As the costs of news coverage continue to escalate, some American media organizations have joined forces on various projects over the years. For example, the NBC television network has worked with People magazine and the Discovery Communications network on news magazine programming. Now, Discovery Communications has gone one step further: joining with the New York Times newspaper to start a new cable channel, reaching millions of viewers worldwide.
The launch of the new Discovery Times channel couldn't have come at a more auspicious time: just five days after the start of the war with Iraq. John Hendricks, founder and chairman of the Discovery Communications cable television network, told VOA the timing was purely coincidental, but the war provided a strong subject for the type of documentary programming on the new channel. "When we can provide in-depth context for an issue that the world is focused on, and go beyond the seven-minute segment you typically see on a news magazine show on the networks," he said. "When you can set aside an hour, two hours, even three hours to tackle a topic, consumers really welcome that. That was the genesis of the idea to work with an established news gathering organization like the New York Times, to partner on a new channel."
From its new headquarters in Silver Spring, Maryland, the Discovery TV channels which specialize in nature, news, health, travel and many other topics, are available in as many as 152 countries, reaching more than 180 million subscribers in 33 languages. Its partner in the new channel, The New York Times, is often regarded as America's premiere newspaper and part of a three billion plus media company that also publishes the Boston Globe and 16 other newspapers. Discovery chairman Hendricks says the new cable channel provides a good journalistic partnership. "It allows organizations with different strengths like the New York Times with a worldwide news gathering team with their great writers, editorial writers and marry that with the talents we have in television and to be able to distribute that kind of content. For us, it was a perfect marriage," he said.
The logistics of coordinating the two giant media organizations for joint programs are a challenge, as general manager of the Discovery Times Channel, Vivian Schiller, explains. "Well, I live on the [airplane] shuttle, between Washington and New York, much to the chagrin of my family," she said. "We do have a dedicated network staff that specifically works on that channel. We work hand-in-glove [closely] with both parent companies. At the New York Times, we're entrenched in the newsroom we're working with the reporters and editors to try to infuse the [channel]. It's not just about trying to put New York Times reporters on the air. It's about infusing the network with the sensibilities and journalistic standards of the New York Times, along with Discovery, which has had a long tradition of really dynamic, story driven, character driven documentaries. We're trying to bring together the journalism and news gathering of the New York Times with the visual, dynamic presentation that Discovery is so known for."
Vivian Schiller says that among the first documentaries featured on the Discovery Times channel was one about al-Qaida and other terrorist groups, co-produced with best selling author Peter Bergen. "He worked very closely with New York Times reporters all over the world to look where Al Qaeda came from and how it's evolving in a post 9-11 environment to continue their activities," said Ms. Schiller. "In the second hour was something very different: a personal, intimate look at Afghan children in a Pakistani refugee camp and the impact that the events - that we in this country read as headlines over the last several years - have had on a personal level on these children. It was done by a young Pakistani filmmaker, who got to know these children. It really gives you insights and fulfills the promise of what we're trying to achieve to put a human face, history and context on news events."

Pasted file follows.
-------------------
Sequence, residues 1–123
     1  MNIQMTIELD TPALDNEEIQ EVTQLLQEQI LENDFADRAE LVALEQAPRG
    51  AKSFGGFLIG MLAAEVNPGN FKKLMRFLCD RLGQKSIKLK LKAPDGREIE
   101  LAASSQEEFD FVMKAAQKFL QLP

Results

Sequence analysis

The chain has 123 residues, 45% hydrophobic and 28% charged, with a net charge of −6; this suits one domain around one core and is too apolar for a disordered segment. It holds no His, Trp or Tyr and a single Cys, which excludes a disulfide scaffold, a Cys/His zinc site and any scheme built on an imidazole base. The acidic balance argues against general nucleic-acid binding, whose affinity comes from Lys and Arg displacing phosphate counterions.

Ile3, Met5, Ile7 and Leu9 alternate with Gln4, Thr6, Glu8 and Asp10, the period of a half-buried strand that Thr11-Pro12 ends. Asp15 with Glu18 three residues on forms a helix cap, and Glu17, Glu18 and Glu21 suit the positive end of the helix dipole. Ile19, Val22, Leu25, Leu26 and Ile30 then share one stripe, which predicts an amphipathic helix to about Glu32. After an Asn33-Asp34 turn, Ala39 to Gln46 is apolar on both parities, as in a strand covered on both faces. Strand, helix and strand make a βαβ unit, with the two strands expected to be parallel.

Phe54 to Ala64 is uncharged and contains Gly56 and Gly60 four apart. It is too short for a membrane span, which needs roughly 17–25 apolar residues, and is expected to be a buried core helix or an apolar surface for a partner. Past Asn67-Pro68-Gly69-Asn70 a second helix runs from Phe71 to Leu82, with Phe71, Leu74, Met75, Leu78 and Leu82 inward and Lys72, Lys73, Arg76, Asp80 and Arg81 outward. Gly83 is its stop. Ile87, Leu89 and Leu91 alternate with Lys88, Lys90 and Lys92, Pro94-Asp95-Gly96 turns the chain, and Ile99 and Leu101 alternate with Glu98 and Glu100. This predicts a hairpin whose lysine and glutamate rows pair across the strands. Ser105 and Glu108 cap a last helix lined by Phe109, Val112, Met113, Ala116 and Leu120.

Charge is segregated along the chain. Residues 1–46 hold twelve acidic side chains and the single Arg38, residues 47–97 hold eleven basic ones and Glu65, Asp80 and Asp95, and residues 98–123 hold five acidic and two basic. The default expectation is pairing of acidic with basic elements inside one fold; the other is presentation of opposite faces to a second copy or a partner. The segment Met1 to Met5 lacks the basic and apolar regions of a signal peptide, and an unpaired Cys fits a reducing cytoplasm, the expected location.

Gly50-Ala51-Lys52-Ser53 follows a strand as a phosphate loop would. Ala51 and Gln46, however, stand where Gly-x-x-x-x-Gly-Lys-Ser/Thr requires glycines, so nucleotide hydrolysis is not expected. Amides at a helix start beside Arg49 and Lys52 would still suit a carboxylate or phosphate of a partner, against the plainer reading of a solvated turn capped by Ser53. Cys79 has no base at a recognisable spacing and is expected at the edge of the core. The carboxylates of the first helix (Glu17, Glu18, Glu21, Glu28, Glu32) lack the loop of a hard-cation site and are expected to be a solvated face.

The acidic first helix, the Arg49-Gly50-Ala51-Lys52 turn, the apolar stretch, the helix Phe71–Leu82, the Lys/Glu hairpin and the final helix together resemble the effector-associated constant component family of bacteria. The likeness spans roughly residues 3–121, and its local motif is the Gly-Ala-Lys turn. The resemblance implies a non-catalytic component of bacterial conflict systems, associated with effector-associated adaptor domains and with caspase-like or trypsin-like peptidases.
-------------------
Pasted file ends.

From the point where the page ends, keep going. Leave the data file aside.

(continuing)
And with the Iraq war as the dominating news subject, Discovery chairman John Hendricks says the new channel had several programs about the war's leading players. "The other day, we had a special on the real Saddam," he said. "We had a special on understanding Iraq. That's our goal: to have programs on Discovery Times that really focus on issues the world is confronting."
The Discovery Times channel also has a nightly feature called Page One, which presents a rundown of the New York Times' front page.
But not all of the programs on Discovery Times will be rooted in hard news, as manager Vivian Schiller explains. "One of our documentaries is about traffic: why it's so hard to get from point A to point B, something that affects just about everyone in this country," she said. "In future months, we'll be examining everything from the business of Hollywood, inside the White House, programming on Korea, education and religion."
The new joint effort between the New York Times and Discovery Communications will also offer opportunities for the companies to cross-promote each other's work. But Ms. Schiller says the major motivation of the joint media programming is helping each other become even better. "Certainly there have been a lot of media mergers," explained Ms. Schiller. "This is not a merger; it's a joint venture. It's a different animal and it's been remarkable to me how seamlessly the two companies have worked together and [have] bridged two companies in two cities. One is a news organization, one a television organization. But the sensibilities and values of the companies are so similar. And we both believe in this venture. This is really something different than what anybody else has ever tried before. So far, it's been going really well."